Denying Poland any specific prospects for joining NATO because of Russian reservations came as a shock to the society at large. Polish society is not unaware of the unequivocal commitment of the present American administration to help Russia regain its great power posture. Given that situation, it is not excluded that Polish politics will take an unexpected turn in the near future. Poland can always adopt the posture of a hedgehog, regardless of whether the bear comes from the east or from the west. While the hedgehog cannot prevail over the bear, it can make the bear's life mightly uncomfortable.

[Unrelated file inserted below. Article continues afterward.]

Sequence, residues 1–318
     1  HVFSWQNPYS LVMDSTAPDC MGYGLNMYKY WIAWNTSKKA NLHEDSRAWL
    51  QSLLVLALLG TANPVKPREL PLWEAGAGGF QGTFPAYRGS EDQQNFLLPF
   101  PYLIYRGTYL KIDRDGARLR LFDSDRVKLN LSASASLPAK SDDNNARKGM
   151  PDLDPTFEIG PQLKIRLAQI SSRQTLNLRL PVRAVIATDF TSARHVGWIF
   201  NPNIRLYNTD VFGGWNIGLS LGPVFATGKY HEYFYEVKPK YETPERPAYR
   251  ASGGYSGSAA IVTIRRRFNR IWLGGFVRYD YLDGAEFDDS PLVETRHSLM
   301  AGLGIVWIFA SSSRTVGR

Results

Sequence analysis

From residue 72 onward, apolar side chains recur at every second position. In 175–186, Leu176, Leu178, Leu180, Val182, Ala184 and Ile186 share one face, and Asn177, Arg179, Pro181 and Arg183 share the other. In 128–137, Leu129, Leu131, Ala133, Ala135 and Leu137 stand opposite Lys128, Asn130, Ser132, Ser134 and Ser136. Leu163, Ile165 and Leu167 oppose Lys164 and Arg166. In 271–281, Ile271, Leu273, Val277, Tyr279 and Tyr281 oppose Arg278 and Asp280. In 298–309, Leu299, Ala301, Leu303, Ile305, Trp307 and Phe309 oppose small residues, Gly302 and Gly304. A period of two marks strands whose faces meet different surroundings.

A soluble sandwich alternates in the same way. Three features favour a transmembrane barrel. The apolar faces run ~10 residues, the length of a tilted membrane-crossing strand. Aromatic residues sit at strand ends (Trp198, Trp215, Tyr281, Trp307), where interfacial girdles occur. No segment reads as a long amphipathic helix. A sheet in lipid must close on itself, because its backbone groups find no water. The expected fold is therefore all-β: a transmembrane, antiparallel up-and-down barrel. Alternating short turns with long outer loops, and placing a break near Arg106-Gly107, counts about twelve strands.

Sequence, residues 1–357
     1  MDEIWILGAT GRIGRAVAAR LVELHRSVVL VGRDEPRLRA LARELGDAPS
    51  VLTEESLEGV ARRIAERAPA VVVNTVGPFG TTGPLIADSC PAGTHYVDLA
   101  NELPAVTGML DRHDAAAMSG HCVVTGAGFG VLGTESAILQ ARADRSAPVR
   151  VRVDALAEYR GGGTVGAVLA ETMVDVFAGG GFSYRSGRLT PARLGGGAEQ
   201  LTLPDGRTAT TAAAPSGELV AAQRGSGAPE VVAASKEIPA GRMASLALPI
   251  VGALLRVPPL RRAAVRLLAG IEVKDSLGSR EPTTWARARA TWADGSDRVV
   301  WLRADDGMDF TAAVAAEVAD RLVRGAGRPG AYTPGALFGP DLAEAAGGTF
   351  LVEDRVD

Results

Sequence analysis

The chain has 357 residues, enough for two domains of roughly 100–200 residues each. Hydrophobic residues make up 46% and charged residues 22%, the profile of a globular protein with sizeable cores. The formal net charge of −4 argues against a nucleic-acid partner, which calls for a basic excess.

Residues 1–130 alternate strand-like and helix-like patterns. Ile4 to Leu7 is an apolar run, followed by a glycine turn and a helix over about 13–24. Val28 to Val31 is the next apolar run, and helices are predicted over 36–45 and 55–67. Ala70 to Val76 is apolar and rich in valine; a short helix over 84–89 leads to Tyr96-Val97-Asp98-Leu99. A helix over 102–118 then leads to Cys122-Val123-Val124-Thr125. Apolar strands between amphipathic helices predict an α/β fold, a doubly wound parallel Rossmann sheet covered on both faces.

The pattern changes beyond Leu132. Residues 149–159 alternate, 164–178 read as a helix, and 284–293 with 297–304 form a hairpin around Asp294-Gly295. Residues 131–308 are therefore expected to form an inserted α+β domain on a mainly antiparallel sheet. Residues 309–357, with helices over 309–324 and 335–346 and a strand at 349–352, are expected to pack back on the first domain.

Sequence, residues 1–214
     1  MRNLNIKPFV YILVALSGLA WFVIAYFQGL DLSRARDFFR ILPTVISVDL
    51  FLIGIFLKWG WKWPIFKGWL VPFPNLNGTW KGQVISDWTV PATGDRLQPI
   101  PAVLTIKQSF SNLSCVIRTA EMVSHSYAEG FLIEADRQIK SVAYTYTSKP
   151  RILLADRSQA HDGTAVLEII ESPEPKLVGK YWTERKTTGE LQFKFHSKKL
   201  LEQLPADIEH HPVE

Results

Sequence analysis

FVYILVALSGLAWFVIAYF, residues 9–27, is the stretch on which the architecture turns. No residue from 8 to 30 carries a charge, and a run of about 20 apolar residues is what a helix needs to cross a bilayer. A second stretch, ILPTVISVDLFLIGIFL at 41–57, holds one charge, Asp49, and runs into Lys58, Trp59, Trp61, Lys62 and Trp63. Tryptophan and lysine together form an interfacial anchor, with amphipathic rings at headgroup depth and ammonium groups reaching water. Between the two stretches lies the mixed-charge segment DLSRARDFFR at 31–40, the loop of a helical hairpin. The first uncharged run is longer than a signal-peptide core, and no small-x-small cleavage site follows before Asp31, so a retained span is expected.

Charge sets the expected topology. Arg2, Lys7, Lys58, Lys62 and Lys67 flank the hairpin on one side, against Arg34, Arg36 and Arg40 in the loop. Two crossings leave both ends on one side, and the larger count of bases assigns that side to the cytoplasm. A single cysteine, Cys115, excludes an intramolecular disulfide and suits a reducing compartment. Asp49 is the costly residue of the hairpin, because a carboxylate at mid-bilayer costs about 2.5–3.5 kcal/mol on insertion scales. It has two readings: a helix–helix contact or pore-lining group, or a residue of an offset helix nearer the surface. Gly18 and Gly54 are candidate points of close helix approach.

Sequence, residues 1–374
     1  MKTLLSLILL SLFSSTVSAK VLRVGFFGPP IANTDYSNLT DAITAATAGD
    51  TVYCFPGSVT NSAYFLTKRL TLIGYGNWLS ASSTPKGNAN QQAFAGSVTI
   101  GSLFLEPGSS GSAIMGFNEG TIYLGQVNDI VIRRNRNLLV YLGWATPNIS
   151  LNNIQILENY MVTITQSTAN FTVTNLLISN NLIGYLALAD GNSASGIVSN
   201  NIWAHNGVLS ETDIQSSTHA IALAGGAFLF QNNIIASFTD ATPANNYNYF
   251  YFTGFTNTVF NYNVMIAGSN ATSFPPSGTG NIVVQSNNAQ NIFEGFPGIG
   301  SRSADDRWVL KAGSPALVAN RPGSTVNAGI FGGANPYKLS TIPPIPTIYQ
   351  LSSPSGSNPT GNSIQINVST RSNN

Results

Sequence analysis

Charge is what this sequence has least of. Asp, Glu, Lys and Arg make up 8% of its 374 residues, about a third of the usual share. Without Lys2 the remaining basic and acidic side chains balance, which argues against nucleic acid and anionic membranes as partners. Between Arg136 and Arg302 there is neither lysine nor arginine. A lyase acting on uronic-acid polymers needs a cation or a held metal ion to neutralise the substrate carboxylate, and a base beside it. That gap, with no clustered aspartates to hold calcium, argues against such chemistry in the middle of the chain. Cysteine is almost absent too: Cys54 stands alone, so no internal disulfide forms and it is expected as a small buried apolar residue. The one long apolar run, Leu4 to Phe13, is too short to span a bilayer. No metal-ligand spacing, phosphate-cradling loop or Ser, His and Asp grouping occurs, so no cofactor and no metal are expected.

Poles will undoubtedly learn to rely on themselves only, aware that the odds are against them in the West. At the same time, the West has no right to seek an alibi in the fact that the partly ex-communist Left is now in power in Poland. After all, the head of the ex-communist SLD, Mr. Kwasniewski, is no more leftist than President Clinton. And nobody in the Polish ex-communist establishment can match the deputy secretary of state Strobe Talbott as a Russian and, earlier, Soviet apologist.

Jacek Koronacki is Chairman of the Department of Statistics at the Polish Academy of Science in Warsaw and a freelance journalist publishing in Zycie Warszawy, Najwyzszy Czas, and other Polish periodicals.